Enhance! HORNK! Artificial intelligence can now ID individual geese
A few years ago, Sonia Kleindorfer was interviewing to become the director of the Konrad Lorenz Research Center for Behavior and Cognition in Vienna, Austria.
"My predecessor was telling me this story," she says. Konrad Lorenz was a famous Austrian biologist who spent much of his career studying the behavior of local Greylag Geese. Famously, his students presented him with a plaque that had 30 goose faces on it.
"He went on to correctly name each goose," she said. "He made one error, and that was two sisters."
Another longtime researcher at the institute could do it too, and Kleindorfer felt a certain amount of pressure, as the new director, to learn how to tell the geese apart. But she just couldn't get it.
"I can do five, but when the next five come, I start to have a mental meltdown," she says. "So I'm actually not as good as I would like to be."
It was embarrassing, frankly, so she contacted a more technically-minded colleague and asked him: Could he write a program to distinguish these faces?
He said, yes, but he'd need a database of geese photos to work with. Kleindorfer got her team out there, snapping pics of the geese from every angle. After building the database, they wrote a piece of facial recognition AI that could ID a goose, by looking at specific features of its beak.
It took a couple of years, but, writing in the Journal of Ornithology, the team reports that their goose recognition software is now about 97% accurate.
"So we have nailed the AI, but then you have to ask yourself ... does it matter in the life of a goose?" she asks.
And here let's just take a moment to talk about the lives of geese, because as even a casual observer can attest, they are not the most pleasant animals. Kleindorfer says that's in part because they have a lot going on:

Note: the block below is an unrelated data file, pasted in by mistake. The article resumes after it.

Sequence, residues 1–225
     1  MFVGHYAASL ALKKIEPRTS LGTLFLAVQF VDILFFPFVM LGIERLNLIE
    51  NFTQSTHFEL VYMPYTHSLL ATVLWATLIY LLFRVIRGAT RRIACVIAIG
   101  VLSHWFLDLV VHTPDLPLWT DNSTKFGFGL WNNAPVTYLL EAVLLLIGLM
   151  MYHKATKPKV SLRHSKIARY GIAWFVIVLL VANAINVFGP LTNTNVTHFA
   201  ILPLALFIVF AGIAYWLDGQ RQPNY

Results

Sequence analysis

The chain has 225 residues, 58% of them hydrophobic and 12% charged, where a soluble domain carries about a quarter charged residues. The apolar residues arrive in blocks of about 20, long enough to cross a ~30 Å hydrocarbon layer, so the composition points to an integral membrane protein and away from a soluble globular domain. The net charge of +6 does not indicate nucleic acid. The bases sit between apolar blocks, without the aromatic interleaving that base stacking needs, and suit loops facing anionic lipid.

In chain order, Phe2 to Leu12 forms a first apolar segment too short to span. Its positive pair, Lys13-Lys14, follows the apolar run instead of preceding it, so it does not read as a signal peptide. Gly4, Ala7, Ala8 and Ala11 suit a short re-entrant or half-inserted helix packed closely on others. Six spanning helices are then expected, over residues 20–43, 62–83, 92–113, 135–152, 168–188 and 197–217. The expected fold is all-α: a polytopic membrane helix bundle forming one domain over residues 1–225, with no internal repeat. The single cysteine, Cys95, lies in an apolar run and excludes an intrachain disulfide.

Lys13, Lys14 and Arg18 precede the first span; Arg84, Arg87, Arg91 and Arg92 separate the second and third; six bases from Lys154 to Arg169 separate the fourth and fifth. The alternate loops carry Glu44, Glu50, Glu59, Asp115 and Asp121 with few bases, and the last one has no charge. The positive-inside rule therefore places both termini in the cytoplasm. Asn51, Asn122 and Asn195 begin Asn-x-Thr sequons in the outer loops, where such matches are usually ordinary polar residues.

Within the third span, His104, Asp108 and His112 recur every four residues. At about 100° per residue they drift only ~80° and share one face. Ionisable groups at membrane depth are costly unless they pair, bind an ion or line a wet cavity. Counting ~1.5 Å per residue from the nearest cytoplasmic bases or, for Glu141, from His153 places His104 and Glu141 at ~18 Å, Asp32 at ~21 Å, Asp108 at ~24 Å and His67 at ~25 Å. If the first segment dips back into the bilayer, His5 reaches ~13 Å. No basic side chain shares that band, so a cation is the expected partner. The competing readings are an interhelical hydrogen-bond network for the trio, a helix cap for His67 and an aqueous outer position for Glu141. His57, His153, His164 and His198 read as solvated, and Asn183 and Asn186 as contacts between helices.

"Geese have such drama — there's arch rivals, and jealousy and retribution," she says.
To find out how faces figured into this drama, Kleindorfer presented the geese with full-sized cutouts of themselves, their partner, or another member of the flock. She showed evidence that geese seemed to recognize photos of their partners and friends, but not themselves (since geese cannot see their own reflection easily, they presumably treated their own image like a stranger).
She thinks that makes sense, because all that goose drama can only happen if they can tell each other apart.
"This facial recognition, we think, might be a key component in higher-level social organization among unrelated individuals," she says.
That's probably why humans are good at recognizing each other too.
AI for conservation
"One thing that's really exciting about this is that it's AI being used for good," says Krista Ingram, a biologist at Colgate University in New York.
Ingram has developed SealNet, an AI tool that can tell harbor seals apart. Before SealNet she says, the only way to identify individual seals was by tagging them, but that was difficult. The best way to do it was to try and shoot them with tracking darts.
"It's very time consuming, costly and to be honest it stresses them out," she says.
SealNet can ID seals with high accuracy using just a photo. It's easier, faster, and better for the seals and the scientists.
Both Ingram and Kleindorfer think that facial recognition is going to play a really important role in conservation and ecology. Researchers will be able to tell how many individuals are in a population, they'll see who's hanging with whom.
"I do think it's the wave of the future," Ingram says, though she notes that field biologists struggle to compete financially with Silicon Valley for the researchers who truly understand how to build AI systems.
"We need more computer scientists trained in behavioral ecology and we need more conservation scientists trained in computer science," she says. "But working together, I think we can do this."
And citizen scientists could be part of it too. Sonia Kleindorfer hopes birdwatchers will someday be able to snap a picture of a goose, ID it, and share its location with scientists.
But she adds, just remember, her new research suggests that birdwatching goes both ways: Geese can remember faces too.
"If you are ever not kind to a goose," she warns, "woe to you the rest of your life, it shall not be a happy one, if that goose finds you again."
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